Thankfully, Massey had already arranged for childcare and household back-up so she could deploy to Biloxi, Mississippi, quickly. “At home, I always have my ‘go bag’ packed with two weeks of stuff, including food that I regularly replace as it expires,” she explains.

Nurses will have different plans depending on their dependents, which may go beyond family and pets, “to the lady down the street who you get medicine for,” she adds.

The American Red Cross has incredible programs for individuals and families that nurses can access ( “You can register ahead of time so that your family or other loved ones (and only those people) can call them to see if you’re okay during a disaster,” says Massey. “The Centers for Disease Control and Prevention’s website [] also has resources for clinicians, and the general public and even one for kids.” The website, by the US Department of Homeland Security, is another good resource.

Step 4: Acknowledge that we’ve come a long way as a nation in our response to hazards and incidents. Probably the toughest decision hospital management has to make is when to evacuate. “Hospitals must treat patients, protect staff and visitors, and they can’t evacuate in an emergency like a school can,” says Cheri Hummel, vice president of disaster preparedness at the California Hospital Association.

Possibly no city knows that better than New Orleans, which suffered the devastation of Hurricane Katrina, necessitating the evacuation of hospitals in addition to the area’s populace.

Knox Andress, RN, BA, ADN, FAEN, designated regional coordinator for Louisiana’s Region 7 Hospital Preparedness Coalition, served as Incident Commander during both Hurricanes Katrina and Rita.

“We’ve made plans for evacuating the coast of Louisiana,” says Andress. “To exercise those plans, we enact simulated patient evacuation—putting mannequins in planes, then tracking them, and triaging those ‘patients,’ moving them from hospitals in New Orleans and at-risk locations to safer areas.”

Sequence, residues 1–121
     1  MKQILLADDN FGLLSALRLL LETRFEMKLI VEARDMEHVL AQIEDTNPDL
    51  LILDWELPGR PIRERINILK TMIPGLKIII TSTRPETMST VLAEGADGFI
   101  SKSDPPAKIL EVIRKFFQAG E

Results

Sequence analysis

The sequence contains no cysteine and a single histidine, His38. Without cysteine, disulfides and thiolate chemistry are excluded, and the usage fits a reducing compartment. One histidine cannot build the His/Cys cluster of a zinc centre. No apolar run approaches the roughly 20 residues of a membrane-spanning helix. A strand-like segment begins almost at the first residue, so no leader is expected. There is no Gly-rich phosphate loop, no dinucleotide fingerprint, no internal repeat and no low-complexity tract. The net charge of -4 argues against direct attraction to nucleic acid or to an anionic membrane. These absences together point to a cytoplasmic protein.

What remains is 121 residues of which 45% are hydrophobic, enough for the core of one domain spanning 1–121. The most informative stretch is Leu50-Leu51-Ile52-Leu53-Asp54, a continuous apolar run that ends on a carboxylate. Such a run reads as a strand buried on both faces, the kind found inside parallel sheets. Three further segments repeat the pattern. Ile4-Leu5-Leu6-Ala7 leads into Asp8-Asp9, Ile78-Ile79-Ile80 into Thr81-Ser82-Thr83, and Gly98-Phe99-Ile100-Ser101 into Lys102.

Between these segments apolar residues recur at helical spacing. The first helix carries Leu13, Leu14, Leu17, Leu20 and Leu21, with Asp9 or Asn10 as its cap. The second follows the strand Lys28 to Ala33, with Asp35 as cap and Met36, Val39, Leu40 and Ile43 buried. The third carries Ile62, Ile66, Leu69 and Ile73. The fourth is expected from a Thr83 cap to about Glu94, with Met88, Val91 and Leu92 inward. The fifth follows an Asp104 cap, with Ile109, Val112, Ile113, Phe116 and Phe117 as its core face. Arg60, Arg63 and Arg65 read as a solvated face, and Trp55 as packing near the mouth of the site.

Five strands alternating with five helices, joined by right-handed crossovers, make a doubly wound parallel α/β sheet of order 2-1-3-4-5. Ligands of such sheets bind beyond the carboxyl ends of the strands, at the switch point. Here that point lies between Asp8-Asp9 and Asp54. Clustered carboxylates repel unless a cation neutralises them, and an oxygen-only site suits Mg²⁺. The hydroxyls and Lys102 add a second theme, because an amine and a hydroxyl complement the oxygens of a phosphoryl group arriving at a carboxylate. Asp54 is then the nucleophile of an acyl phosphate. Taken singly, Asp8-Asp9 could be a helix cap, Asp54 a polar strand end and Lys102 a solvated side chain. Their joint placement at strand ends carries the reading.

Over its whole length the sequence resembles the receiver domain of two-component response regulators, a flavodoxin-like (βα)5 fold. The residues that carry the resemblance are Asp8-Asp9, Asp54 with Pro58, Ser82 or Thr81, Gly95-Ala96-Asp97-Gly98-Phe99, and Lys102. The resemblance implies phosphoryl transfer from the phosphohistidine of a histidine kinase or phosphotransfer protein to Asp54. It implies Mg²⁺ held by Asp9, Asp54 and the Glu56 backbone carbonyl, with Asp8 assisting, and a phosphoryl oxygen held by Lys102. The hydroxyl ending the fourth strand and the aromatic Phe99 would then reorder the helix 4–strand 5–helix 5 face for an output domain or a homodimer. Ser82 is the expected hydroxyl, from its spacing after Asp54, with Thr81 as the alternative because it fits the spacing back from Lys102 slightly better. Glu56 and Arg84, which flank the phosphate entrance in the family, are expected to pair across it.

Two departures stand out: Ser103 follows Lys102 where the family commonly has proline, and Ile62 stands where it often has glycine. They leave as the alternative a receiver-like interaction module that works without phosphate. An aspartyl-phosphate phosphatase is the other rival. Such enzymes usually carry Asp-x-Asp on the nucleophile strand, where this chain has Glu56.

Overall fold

All that planning and drilling paid off in 2008 when Hurricanes Gustav and Ike hit the Louisiana Gulf, only three weeks apart. “They came at us just like Hurricanes Katrina and Rita did three years before, but our response was as different as night and day,” says Andress. “In Katrina, 13 hospitals evacuated pre-storm landfall and 26 evacuated post-storm.  During Gustav, a full 63 hospitals evacuated pre-storm landfall and only 10 evacuated post-storm.”

With each and every disaster, we become better prepared to evacuate patients safely. In 2012, when Superstorm Sandy hit the coast of New York and New Jersey, medical personnel performed heroically as hospitals activated their emergency preparedness plans. “We commend NYU Langone,” says Hummel about the medical center’s successful evacuation of some 300 patients from its 700-bed facility. “They didn’t lose any patients or have any significant injuries. They were able to get critical patients distributed to other hospitals. We’ve made leaps and bounds over the past few years. It’s been thrilling in my position to see that, but we can’t say we’re there yet—we don’t know where there is.”

Jebra Turner is a freelance health and business writer based in Portland, Oregon. She frequently contributes to the Minority Nurse magazine and website. Visit her online at